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Fly Fishing 101, Part 12
Hide and Seek


Last time we were trying to find the fish. This excerpt from Clive Schaupmeyer's The Essential Guide to Fly-Fishing (see the book review in "Are You A Flailer?") does an excellent job of explaining where the fish are in specific areas on the stream. The numbers on the illustration match the numbers in this list.

Favored Holding Spots of Trout in a Typical Section of River
Trout often hold and feed in identifiable parts of a stream:

  1. In riffles and shallows, especially during insect hatches.
  2. In front of boulders, where the water speed in front is slowed by the rock behind. This is a popular spot during heavy hatches.
  3. Along banks where the current is slower and terrestrial insects fall in.
  4. Behind boulders that offer protection from the current.
  5. In drop-offs between riffles and the heads of run that offer protection from the current and a steady supply of food.
Favored Holding Spots
  1. Behind submerged boulders or other protective pockets.
  2. In front of surface obstructions that can trap good insects.
  3. Behind logs that offer protection and possible ants.
  4. At the floor of runs where the water is slower and food is plentiful.
  5. In quiet holding pockets between subsurface rock ledges.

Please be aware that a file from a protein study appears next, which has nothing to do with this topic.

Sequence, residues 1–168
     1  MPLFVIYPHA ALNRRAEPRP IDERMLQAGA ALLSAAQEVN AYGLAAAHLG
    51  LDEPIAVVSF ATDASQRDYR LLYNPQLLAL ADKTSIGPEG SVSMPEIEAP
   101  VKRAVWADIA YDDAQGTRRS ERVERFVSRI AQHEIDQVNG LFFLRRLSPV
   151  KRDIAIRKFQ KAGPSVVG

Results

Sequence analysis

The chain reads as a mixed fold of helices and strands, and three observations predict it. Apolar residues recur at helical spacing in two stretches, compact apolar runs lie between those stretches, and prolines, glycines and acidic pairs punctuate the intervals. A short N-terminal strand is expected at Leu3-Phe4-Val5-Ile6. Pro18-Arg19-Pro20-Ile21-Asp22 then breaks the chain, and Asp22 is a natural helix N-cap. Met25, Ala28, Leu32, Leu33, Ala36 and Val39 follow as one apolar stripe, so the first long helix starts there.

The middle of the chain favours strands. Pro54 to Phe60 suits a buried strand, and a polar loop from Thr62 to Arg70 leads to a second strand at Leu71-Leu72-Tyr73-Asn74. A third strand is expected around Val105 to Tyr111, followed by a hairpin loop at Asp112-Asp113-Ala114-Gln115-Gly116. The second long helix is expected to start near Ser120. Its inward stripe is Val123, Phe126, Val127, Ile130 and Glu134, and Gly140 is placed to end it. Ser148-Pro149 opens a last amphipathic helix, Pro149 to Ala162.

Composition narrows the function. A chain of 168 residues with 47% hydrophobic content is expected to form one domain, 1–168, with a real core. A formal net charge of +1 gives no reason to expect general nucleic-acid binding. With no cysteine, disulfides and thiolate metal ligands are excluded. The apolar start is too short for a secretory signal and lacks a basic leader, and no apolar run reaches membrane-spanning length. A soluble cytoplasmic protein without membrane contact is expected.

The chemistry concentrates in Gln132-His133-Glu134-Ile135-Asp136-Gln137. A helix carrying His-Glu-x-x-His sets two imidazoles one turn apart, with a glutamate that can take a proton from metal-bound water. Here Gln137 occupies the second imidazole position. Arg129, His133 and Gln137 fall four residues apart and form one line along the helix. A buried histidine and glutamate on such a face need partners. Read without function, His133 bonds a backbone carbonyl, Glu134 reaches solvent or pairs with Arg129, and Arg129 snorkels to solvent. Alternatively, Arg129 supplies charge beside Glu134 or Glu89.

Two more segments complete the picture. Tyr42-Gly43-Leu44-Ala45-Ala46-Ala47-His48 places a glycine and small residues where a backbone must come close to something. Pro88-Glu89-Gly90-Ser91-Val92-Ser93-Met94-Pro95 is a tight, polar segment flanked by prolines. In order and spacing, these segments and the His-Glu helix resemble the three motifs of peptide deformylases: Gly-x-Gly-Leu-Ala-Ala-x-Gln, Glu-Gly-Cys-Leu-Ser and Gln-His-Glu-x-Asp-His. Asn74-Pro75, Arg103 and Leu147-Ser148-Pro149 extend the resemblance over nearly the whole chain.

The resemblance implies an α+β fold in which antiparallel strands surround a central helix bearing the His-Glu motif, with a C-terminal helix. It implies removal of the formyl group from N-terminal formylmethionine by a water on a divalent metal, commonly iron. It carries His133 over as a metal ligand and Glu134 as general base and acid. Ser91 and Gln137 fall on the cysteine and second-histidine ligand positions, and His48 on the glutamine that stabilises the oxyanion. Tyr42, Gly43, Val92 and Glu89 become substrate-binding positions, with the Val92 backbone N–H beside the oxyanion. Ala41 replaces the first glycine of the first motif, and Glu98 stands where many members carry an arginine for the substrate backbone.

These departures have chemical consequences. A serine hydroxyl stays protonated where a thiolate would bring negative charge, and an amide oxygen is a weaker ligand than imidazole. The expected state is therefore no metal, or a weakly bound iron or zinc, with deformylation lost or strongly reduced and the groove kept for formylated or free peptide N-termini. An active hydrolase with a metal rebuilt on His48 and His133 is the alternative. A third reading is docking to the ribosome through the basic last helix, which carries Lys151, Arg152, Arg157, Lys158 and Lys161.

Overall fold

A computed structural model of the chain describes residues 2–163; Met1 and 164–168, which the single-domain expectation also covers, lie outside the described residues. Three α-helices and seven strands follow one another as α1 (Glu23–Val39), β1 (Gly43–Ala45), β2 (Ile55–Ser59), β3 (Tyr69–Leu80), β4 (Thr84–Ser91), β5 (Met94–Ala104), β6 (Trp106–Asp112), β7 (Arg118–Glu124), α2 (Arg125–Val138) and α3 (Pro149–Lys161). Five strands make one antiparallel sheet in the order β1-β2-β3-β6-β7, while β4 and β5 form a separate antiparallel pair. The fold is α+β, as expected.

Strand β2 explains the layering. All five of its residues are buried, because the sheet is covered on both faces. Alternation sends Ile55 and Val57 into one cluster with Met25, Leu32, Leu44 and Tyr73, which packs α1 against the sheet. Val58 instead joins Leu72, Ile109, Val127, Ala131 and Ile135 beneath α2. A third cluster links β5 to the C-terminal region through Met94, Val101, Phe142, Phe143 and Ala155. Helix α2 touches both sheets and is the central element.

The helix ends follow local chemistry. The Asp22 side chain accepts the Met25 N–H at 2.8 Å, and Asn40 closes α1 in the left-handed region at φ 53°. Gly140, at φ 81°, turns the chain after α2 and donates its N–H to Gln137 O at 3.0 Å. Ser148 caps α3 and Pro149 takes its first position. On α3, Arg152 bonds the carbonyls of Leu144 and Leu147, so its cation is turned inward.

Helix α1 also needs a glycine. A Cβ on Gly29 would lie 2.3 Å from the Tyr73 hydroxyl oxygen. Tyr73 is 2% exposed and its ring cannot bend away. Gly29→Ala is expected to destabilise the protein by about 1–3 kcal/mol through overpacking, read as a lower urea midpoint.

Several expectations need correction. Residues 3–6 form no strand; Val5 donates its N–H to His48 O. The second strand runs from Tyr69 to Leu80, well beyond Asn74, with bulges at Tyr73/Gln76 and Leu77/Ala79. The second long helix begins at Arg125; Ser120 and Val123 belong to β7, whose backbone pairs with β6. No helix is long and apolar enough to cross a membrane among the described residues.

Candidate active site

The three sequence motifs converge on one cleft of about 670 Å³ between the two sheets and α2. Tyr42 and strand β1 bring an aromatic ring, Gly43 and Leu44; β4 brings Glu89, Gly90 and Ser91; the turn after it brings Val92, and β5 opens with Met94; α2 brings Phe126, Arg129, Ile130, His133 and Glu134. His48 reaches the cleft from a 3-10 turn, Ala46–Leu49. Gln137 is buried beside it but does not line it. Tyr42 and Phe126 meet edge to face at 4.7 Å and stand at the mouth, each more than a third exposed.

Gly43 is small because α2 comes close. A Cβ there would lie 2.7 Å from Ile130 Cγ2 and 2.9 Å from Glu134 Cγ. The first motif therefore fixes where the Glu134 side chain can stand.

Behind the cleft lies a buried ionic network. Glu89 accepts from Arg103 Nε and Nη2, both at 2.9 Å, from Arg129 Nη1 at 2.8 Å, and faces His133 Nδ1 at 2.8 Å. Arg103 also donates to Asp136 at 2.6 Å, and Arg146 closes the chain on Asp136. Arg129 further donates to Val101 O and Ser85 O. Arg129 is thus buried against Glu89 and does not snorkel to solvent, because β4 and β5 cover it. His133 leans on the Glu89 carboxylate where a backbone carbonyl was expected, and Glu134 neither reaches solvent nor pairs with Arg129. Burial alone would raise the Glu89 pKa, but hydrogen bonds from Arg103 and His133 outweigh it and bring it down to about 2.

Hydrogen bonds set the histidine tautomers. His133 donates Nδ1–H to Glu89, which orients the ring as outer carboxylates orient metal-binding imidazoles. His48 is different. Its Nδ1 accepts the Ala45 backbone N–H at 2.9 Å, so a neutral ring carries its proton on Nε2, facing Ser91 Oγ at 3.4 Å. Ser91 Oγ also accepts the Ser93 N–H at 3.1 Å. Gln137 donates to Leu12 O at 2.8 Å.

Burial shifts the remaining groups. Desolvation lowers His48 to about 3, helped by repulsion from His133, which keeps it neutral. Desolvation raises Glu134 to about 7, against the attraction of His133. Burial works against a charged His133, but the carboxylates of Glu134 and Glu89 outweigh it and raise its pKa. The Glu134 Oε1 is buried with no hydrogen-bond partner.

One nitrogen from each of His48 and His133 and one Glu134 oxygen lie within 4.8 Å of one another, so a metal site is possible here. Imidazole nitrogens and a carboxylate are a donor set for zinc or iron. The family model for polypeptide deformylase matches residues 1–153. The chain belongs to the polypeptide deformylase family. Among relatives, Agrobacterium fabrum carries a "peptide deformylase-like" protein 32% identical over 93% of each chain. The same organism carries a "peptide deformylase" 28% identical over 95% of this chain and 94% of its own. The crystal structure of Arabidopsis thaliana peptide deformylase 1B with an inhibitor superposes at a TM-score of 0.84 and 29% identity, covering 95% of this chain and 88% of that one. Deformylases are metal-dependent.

6. In back eddies where the current is slower and where insects tend to collect.
  7. In seams between slow and faster water where the current isn't too strong and food passes nearby.
  8. At the bottom of a deep pool.
  9. In the shade of an overhanging streamside tree protected from view.
  10. In and around weed beds that offer food and protection from the current.
  11. In gravel bar shallows in late evening.
  12. In the tail of a run where the current is slower.
  13. Under or inside undercut banks.
Looking at the illustration, you begin to realize all the fish shown have one thing in common. All the fish are facing the same direction. That direction is upstream, or into the current. Fish that would face downstream would all eventually end up all the way downstream. As in the ocean.

Fish face upstream because that is where their food comes from. Think of it as being in a dining room, and the waitress bringing you a plate of food but the food is hanging in the air above the plate.

That is what the fish have, a moving dinner plate. The food comes to them floating on the surface of the water and they have to make the decision to take that food in a split second. Wait too long and it has floated past them. And if the fly you offer doesn't look like the food the fish has been eating? You probably won't get the fish to take your fly.

Next time: what do they eat anyway?

Thanks to Clive Schaupmeyer for excerpt use of his book The Essential Guide to Fly-Fishing, A Comprehensive Guide for Beginner and Intermediate Fly Anglers. Available in bookstores or directly from Clive. Clive lives in Brooks, Alberta. He is a member of the Outdoor Writers of Canada. He fishes throughout Alberta and has fished in the Northwest Territories, B.C., Saskatchewan, New Brunswick and Montana.

Have a question? Email me!

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